Author(s): Neubauer A, Thiede C, Morgner A, Alpen B, Ritter M, Neubauer B, Wndisch T, Ehninger G, Bayerdrffer E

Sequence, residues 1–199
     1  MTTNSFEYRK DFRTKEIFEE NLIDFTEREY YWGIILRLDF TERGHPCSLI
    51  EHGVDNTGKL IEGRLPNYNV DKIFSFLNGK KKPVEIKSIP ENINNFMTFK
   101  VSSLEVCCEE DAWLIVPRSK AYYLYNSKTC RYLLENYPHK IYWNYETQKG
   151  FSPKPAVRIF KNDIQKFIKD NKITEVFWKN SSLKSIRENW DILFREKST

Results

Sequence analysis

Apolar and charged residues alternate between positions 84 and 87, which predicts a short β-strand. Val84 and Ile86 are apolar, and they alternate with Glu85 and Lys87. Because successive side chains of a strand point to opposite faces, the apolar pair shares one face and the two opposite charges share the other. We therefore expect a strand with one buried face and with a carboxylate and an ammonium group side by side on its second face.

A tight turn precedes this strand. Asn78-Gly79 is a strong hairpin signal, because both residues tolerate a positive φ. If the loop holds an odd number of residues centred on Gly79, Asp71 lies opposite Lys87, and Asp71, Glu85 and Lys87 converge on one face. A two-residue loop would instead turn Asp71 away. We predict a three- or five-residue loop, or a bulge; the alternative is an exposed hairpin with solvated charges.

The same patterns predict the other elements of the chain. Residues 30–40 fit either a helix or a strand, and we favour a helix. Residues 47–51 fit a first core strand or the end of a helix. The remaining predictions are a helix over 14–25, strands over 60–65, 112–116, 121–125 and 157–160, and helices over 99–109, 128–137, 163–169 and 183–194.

BACKGROUND: Low-grade B-cell lymphomas arising in mucosa-associated lymphoid tissue (MALT) are most frequently localized in the gastrointestinal tract. More than 90% of gastric MALT lymphomas are diagnosed in patients with chronic, Helicobacter pylori-associated gastritis. High remission rates for these lymphomas have been observed after the cure of H. pylori infection. Data are lacking, however, with regard to the duration of the remissions. To address this question of remission duration, we have followed 50 patients in whom H. pylori infections were eradicated, and we determined whether the patients in complete remission displayed evidence of residual monoclonal B cells during follow-up. METHODS: Patients were treated with amoxycillin and omeprazole for 2 weeks in an attempt to cure H. pylori infections. Follow-up included endoscopic investigations with biopsy sampling. Monoclonal B cells in biopsy specimens were detected by means of a polymerase chain reaction (PCR)-based assay. RESULTS: H. pylori infections were cured in all 50 patients. The median follow-up for the 50 patients is currently 24 months (729 days; range, 135-1411 days). Forty patients achieved complete remission of their lymphomas, but five have subsequently relapsed. The median time of continuous complete remission for the 40 patients was 15.4 months (468 days; range, 0-1198 days). Among six patients whose Iymphomas did not respond to H. pylori eradication, four revealed high-grade lymphomas upon surgery. PCR indicated the presence of monoclonal B cells during follow-up in 22 of 31 assessable patients in complete remission. CONCLUSIONS: Complete remissions of low-grade gastric MALT Iymphomas after the cure of H. pylori infection appear to be stable, although most patients display evidence of monoclonal B cells during follow-up. Whether these patients are truly cured of their Iymphomas remains to be determined.